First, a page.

I want the Secretary of State for Scotland and the Lord Advocate, and the other Members of the Government, to see if it is possible to bring about social conditions in Scotland, make things better for the people, take away the temptation from the young by bringing about at the earliest possible moment abundance for all young people—
I am very concerned about this point. I feel, as I am sure do hon. Members on the other side of the House—well, I will not say the other side—but every hon. Member on this side feels that if a good job is done, and social conditions are made of such a character as will give the people the ordinary and decent amenities of life, the Secretary of State, instead of having to increase the judgeships—and thereby impose a drain on our restricted manpower—would be in the happy position of being able to reduce them. I think that is a consummation that all of us, with the exception of the hon. and learned Member for North Aberdeen, would greatly welcome.
I must say one word, after what the hon. Member for West Fife (Mr. Gallacher) has told us. I suppose we have all been before the justices for one thing or another, if only for not having a licence for a dog, or something similar. But I think it is quite wrong to suggest that in the minds of those in judgment in Scotland today is the idea that, "You are in the dock, and therefore you must be guilty." That is not quite fair.
Naturally, Mr. Deputy-Speaker, you would not allow us to discuss the secrets of the Tea Room, and I shall not pursue that matter further.
One of the reasons for requiring this increased number of judges in Scotland is the alarming increase in the number of divorce cases. If the proposals of an organisation, which has sent to me and other Members a circular today, are carried out we shall want an even greater number of judges. There is no doubt that this Bill is very necessary to meet the present situation, but I do not think we should go beyond its provisions. I believe the Lord Advocate said that as a judge eventually dies, another will not be put in his place, unless it is absolutely necessary. That will gradually reduce the number.
This Bill gives power to the Secretary of State to increase the number of judges by two, and it has been made necessary, to some degree, by the increase in the number of divorces. In considering these appointments, and the work which has to be undertaken, I should like the Minister to consider whether a woman should not be appointed to one of these judgeships. I raised this question on the Criminal Justice Bill, in Committee, when I was told that there was nothing to prevent a woman being made a judge. Although this might be an innovation, Scotland ought to take the opportunity of making such an innovation. I hope the right hon. Gentleman will not exclude the possibility of a woman judge being appointed, for the first time in the history of these islands, especially in view of the matters which affect women so vitally.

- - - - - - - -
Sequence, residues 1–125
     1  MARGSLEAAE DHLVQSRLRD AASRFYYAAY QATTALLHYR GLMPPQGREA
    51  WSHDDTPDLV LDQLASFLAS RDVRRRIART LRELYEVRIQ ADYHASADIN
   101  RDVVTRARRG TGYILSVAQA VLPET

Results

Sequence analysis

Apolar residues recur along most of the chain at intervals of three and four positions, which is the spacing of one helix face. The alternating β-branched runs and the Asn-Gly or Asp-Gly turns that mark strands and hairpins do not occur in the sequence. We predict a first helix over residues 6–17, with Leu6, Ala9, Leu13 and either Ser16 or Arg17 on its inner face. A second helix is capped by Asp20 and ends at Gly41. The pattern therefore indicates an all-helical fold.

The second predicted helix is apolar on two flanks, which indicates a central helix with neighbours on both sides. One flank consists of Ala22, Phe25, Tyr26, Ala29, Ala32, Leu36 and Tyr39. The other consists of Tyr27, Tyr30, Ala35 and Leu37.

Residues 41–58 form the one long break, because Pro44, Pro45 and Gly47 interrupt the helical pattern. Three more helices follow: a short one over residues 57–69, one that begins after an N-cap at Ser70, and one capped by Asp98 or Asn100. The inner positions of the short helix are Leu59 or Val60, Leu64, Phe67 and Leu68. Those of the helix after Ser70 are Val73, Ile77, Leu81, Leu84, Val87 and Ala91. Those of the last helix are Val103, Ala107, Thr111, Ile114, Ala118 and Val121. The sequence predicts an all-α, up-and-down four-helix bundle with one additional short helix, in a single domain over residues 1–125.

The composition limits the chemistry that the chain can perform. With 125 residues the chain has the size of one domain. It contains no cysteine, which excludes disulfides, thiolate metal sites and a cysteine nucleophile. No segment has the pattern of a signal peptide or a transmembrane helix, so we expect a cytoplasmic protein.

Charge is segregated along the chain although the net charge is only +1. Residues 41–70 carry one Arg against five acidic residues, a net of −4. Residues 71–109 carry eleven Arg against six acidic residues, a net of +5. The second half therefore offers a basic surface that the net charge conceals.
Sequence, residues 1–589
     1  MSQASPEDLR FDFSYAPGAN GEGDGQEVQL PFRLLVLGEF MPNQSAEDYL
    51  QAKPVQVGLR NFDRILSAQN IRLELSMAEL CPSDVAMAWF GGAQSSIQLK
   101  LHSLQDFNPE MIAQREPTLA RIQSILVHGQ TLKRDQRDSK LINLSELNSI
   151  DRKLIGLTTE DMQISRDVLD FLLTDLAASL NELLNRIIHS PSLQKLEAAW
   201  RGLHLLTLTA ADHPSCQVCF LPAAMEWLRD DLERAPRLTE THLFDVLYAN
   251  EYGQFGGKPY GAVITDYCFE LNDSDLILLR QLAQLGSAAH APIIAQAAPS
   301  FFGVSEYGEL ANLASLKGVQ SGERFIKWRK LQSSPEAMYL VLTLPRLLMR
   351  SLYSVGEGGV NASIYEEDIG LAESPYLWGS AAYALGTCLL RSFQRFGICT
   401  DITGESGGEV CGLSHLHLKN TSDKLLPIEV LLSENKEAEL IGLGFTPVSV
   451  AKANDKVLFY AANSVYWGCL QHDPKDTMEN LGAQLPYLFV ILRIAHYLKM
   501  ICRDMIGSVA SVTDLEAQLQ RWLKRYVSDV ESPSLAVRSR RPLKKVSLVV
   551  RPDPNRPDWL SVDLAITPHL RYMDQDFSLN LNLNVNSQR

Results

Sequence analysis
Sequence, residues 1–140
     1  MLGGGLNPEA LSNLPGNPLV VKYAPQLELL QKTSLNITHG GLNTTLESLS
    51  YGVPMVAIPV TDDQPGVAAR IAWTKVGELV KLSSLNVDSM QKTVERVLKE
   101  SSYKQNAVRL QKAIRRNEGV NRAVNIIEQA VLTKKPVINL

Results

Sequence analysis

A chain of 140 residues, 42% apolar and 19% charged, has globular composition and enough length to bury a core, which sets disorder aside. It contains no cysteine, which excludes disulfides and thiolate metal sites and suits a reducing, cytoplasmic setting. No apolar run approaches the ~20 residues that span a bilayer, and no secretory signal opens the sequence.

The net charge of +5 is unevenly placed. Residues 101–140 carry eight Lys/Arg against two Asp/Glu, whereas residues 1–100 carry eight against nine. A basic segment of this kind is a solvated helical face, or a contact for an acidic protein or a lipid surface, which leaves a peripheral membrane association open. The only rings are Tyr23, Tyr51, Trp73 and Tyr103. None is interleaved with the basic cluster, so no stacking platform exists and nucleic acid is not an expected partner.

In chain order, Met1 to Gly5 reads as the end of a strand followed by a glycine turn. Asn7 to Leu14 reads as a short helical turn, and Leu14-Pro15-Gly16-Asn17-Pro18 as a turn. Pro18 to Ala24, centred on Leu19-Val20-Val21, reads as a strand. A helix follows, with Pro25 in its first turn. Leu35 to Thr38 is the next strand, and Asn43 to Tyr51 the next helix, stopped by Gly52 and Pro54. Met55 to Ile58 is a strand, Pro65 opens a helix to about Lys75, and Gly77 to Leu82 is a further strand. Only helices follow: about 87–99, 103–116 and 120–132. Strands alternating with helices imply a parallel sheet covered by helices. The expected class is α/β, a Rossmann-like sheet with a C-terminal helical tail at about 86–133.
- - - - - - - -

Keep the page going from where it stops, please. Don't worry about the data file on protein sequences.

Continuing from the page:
I do not wish to follow the remarks of the hon. Member for South Ayrshire (Mr. E. Hughes), because I am one of those least qualified to pontificate on questions of divorce. I hope, however, that what he said will be duly noted by the Scottish Office. Whether we in Scotland should create a number of Portias is a much wider aspect of the question, into which I do not enter now. I am sorry that I must disagree with my hon. Friend the Member for West Aberdeen (Mr. Thornton-Kemsley) and my hon. and gallant Friend the Member for Pollok (Commander Galbraith) in what they said about the words "sheriff-substitute," in Clause 4. Both my hon. Friends expressed dissatisfaction that the Bill leaves us with those words still in use, but I am very glad that they are to be retained, and I hope that in another place the Secretary of State will not introduce an Amendment to delete the word "substitute" after the word "sheriff."
What I said in Committee will no doubt be still in the minds of Members of the House. They will know where I stand, and the great attachment I have for the office of sheriff-substitute in Scotland. I dislike change merely for the sake of change. We in Scotland have always cherished the words "sheriff-substitute," and until a more reasoned argument has been made out against these words than has been made out so far, I hope the Minister will stand by Clause 4 as drafted. I also hope that we shall give this Bill an unopposed Third Reading.
This Bill has been welcomed from all corners of the House. The principal part of it is contained in Clause 1, which gives the Government power to increase the number of judges in Court of Session. On Second Reading, I explained the justification for taking these powers, but I would point out to the hon. and gallant Member for Perth (Colonel Gomme-Duncan) that it is not an increase in the number of divorce cases as such, that has necessitated this step. If he examines the statistics he will see that there has been a great increase in the all-round work of the Court of Session. The increase in the divorce work has been quite serious, but it has not been sufficient to interfere unduly with the other work of the Court, in view of the times at which divorce cases, which are mostly undefended, are taken.